Easy rule, right? Let's try a few out:
Which of the following compounds have a higher lattice energy?
  • NaF or NaCl
    • Since we already thought this question through, it's easy to tell that NaF has the higher lattice energy.
  • MgO or NaF
    • Charge first: Mg and O have a +2/-2 charge, while Na and F have a +1/-1 charge. You don't even have to check distance, MgO must have the higher lattice energy.
  • NaF or KCl
    • Since these ions are in the same groups, they have the same charge. We must remember the periodic trends and that the farther down in a group you go, the larger the ions get. Therefore, K+ and Cl- are larger than Na+ and F-. With the smaller size, NaF has the higher lattice energy.
  • LiCl or NaCl
    • Last one! Since Li+ is smaller, LiCl must have the higher lattice energy.

Check your Understanding

The following question is from the Advanced Placement YT Channel. All credit to them.
  1. Answer the following questions related to Mg and Sr.
    1. Write the complete ground state configuration for the ions Mg+2 and Sr+2.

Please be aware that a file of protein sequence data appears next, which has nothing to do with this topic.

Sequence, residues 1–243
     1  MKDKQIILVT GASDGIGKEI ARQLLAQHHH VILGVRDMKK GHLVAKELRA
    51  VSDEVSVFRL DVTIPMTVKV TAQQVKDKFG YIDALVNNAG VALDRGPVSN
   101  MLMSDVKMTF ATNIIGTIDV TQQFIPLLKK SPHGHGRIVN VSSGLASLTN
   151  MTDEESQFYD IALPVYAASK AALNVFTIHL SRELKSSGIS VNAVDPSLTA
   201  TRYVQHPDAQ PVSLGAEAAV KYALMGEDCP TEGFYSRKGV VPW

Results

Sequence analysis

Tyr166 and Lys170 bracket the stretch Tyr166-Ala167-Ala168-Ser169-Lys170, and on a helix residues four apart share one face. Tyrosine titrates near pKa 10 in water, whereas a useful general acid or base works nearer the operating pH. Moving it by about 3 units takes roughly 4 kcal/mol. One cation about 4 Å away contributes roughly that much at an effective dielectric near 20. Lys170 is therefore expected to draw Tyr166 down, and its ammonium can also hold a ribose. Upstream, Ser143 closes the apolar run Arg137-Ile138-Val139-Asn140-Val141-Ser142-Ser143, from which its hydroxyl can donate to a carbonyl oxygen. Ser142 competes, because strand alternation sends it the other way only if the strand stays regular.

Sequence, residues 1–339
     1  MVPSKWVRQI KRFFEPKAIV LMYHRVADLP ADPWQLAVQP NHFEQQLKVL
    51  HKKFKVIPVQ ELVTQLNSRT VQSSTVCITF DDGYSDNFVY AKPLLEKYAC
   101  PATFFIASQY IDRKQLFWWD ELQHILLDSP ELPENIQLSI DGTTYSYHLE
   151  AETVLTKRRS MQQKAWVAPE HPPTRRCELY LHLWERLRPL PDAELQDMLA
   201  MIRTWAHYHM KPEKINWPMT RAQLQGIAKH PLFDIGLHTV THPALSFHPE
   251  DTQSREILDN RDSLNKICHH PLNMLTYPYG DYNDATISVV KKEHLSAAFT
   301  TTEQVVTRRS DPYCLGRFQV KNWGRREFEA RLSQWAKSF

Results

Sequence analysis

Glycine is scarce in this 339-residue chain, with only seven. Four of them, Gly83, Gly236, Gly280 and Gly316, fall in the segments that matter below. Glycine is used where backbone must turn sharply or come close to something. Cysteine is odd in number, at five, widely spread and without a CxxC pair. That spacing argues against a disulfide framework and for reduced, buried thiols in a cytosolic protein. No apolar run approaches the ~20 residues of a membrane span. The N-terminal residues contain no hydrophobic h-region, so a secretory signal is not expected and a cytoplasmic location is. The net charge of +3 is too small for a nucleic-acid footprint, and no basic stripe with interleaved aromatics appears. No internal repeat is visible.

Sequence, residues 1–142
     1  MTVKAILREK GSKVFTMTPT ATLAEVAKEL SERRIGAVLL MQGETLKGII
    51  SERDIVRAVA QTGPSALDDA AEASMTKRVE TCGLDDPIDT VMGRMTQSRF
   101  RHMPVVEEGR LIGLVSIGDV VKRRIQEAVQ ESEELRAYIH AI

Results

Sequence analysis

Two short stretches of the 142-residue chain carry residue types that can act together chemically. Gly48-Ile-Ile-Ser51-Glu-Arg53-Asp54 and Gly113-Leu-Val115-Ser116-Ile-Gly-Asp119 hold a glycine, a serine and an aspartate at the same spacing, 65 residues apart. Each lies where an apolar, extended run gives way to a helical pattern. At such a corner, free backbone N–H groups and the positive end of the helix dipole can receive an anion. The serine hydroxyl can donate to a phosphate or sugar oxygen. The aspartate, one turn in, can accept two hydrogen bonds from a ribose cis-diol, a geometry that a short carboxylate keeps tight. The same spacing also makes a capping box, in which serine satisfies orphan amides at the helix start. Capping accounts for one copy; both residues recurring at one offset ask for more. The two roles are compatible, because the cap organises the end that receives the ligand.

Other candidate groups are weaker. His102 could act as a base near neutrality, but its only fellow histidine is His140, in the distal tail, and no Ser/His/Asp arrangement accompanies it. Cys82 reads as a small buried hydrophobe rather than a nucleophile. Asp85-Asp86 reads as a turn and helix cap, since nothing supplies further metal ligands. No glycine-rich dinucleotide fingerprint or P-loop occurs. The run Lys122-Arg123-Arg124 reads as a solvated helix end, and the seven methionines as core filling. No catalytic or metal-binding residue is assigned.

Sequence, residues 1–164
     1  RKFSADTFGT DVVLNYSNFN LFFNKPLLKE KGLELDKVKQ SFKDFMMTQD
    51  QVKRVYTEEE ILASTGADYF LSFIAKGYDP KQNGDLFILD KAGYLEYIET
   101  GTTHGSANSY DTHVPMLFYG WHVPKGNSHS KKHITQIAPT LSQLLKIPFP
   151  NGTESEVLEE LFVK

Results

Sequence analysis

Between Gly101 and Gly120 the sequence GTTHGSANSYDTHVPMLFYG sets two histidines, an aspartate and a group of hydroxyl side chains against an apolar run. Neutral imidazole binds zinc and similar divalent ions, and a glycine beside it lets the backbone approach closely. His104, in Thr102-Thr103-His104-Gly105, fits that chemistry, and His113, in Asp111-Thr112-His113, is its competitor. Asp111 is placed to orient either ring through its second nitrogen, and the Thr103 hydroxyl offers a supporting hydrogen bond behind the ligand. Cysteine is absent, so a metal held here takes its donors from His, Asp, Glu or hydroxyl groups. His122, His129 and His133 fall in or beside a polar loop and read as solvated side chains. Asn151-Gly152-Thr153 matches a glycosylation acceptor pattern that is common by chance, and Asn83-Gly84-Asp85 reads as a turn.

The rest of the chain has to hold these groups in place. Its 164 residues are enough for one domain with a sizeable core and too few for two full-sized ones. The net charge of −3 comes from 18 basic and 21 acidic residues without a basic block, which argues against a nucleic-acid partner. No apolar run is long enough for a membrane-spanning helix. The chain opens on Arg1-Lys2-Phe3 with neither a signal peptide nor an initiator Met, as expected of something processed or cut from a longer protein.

2. Do you predict that the ionic radius of Sr+2 is larger or smaller in size than the ionic radius of Mg+2? Justify your answer in terms of atomic structure and the electron configuration of each ion.
    3. The lattice energy of MgCl2(s) is equal to 2300 kJ/mol. Do you predict that the lattice energy of SrCl2(s) should be less than or greater than 2300 kJ/mol? Justify your answer in terms of Coulomb's law.

Sample Responses

(a) Looking at the periodic table and remembering electron configuration, you should get:
You cannot leave the electron configurations of Mg and Sr as your final answer! Make sure you always answer what they are asking.
I originally wrote down the electron configurations of Mg and Sr and then took off two valence electrons to get the final electron configurations of Mg+2 and Sr+2.
(b) This question goes back to periodic trends. Which ion has more electrons and electron shells? Sr2+ does, so it has the larger ionic radius.
Sample Response: Sr+2 has a larger ionic radius than Mg+2 because it has more occupied electron shells. The valence electrons in Sr2+ are in the 4th energy level whereas the valence electrons in Mg2+ are in the 2nd energy level. Electrons in the 4th energy level are generally farther away from the nucleus, making the ion larger.
(c) Charges are the same, so size must be accountable for the difference in lattice energy.
Sample Response: Coulomb's law states that the higher the charges of the ions and the smaller the distance between the ions, the stronger the attraction and the higher the lattice energy. Although the charges of Mg and Sr are the same, Sr is a much larger ion due to its greater amount of occupied energy shells. Since it is larger, the distance between Sr+2 and the chlorine ions is greater than the distance between Mg+2 and the chlorine ions. Therefore, the lattice energy of SrCl2 (s) must be less than 2300 kJ/mol.